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Title: The Question of Public Participation in the Procedure for Authentic Interpretation of Laws
Authors: Struić, Gordan
Keywords: authentic interpretation; parliament; public participation; legislative procedure
Issue Date: 19-Feb-2021
Publisher: Wydawnictwo KUL
Citation: "Review of European and Comparative Law", 2021, T. 44, nr 1, s. 127-154
Abstract: Authentic interpretation of laws is an interpretation of legal provisions that, due to their lack of clarity or misinterpretation in their application, is provided by the parliament. Unlike the legislative procedure, which is conducted, as a rule, in two (exceptionally three) readings, a proposal for giving an authentic interpretation is discussed in one reading. Starting from the understandings of some authors that the act of authentic interpretation of laws is contrary to the principle of democratic pluralism, and that it lacks the necessary level of democratic control and citizen participation, the author examines whether the Croatian parliamentary law enables public participation in the procedure for authentic interpretation of laws and, if so, what legal instruments can be used to implement it in parliamentary practice. To this end, the paper analyzes several relevant constitutional, legal, and procedural provisions of the Croatian parliamentary law, with reference to a parliamentary practice. Given the fact that the procedure for authentic interpretation in the Republic of Croatia, the Republic of Northern Macedonia, the Republic of Slovenia and the Republic of Serbia is regulated similarly by the rules of procedure of their respective parliaments, the relevant regulations of the latter three countries on the possibility of public participation in this procedure are analyzed as well. It was concluded that Croatian parliamentary law enables public participation in the procedure for authentic interpretation, through the instruments of petition, information and involvement in working groups and working bodies, and the same instruments, with certain specifics, are recognized in the parliamentary law of the latter three countries.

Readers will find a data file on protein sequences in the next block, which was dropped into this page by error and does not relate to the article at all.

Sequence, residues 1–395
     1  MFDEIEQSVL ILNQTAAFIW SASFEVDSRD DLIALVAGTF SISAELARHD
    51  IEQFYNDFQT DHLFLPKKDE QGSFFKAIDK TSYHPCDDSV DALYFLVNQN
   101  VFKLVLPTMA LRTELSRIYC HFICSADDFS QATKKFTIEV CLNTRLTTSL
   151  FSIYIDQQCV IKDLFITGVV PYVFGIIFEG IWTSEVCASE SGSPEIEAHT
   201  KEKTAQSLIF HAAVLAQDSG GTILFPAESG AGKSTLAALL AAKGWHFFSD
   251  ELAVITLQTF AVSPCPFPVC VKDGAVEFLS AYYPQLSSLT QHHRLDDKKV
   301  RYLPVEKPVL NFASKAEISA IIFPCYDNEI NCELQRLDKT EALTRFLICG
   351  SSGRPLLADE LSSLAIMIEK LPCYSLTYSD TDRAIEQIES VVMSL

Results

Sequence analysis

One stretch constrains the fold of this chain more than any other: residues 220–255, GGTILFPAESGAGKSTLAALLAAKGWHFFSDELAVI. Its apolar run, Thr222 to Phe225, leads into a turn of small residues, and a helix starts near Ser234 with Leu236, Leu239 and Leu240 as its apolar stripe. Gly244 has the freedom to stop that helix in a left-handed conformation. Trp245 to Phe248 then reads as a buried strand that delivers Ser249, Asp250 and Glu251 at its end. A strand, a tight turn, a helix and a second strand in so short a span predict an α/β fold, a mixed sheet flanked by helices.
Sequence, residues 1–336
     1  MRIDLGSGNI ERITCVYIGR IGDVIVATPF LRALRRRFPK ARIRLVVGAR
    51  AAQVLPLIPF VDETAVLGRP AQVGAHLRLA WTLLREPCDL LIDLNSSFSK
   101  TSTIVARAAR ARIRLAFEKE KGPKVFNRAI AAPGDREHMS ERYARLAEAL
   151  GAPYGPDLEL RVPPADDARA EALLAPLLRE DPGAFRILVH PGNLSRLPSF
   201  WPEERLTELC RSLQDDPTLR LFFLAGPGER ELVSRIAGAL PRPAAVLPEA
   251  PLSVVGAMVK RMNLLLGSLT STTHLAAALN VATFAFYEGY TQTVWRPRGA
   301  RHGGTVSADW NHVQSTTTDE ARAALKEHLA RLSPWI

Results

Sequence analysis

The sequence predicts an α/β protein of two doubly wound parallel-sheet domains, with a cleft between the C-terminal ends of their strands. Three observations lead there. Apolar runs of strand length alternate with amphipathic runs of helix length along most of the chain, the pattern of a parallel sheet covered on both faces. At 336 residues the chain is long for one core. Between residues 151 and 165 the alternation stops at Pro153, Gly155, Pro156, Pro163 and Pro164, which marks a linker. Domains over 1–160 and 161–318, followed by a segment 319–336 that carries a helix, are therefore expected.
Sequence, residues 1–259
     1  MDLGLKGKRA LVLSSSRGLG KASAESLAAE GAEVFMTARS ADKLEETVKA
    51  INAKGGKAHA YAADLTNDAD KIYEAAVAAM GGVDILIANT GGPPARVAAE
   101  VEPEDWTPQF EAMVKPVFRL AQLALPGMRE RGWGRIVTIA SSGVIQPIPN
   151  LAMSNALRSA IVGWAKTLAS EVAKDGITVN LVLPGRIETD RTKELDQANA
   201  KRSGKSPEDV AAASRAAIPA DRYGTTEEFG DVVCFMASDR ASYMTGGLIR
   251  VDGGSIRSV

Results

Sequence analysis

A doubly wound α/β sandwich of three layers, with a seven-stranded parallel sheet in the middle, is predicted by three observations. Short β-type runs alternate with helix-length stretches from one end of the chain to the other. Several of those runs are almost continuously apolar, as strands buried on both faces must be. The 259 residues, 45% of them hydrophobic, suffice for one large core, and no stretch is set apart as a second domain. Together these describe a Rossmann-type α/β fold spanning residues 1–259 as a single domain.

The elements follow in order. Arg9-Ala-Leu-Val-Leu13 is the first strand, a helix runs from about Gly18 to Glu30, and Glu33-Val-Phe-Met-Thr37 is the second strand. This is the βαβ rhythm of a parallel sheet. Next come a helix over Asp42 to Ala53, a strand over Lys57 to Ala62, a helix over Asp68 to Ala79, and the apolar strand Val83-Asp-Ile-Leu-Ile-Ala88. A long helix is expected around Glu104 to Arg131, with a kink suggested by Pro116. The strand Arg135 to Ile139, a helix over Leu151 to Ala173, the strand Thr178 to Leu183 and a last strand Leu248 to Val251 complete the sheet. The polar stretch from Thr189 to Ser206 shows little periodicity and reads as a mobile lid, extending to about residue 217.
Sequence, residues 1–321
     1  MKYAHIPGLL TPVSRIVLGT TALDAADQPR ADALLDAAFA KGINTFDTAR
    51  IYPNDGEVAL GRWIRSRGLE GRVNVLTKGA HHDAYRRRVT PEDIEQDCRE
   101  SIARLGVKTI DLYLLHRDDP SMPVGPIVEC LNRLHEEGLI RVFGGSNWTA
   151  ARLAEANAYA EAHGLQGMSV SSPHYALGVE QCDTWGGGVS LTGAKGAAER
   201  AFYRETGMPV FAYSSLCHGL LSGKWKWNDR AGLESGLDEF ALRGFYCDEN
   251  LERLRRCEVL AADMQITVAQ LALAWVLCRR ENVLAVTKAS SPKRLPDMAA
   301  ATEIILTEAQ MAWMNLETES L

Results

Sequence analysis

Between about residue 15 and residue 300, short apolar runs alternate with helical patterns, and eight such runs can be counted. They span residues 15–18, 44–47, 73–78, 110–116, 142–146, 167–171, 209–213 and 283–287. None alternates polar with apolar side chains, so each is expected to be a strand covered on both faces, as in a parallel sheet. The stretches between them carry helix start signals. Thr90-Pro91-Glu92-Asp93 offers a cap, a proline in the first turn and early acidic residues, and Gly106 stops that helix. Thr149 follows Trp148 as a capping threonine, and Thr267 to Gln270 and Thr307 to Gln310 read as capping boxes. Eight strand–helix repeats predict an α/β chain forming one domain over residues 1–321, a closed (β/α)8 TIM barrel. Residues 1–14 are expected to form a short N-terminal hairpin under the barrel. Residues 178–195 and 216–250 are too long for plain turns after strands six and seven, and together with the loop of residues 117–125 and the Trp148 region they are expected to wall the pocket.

DOI: 10.31743/recl.11433
Appears in Collections:Review of European and Comparative Law, 2021, Vol. 44, No 1

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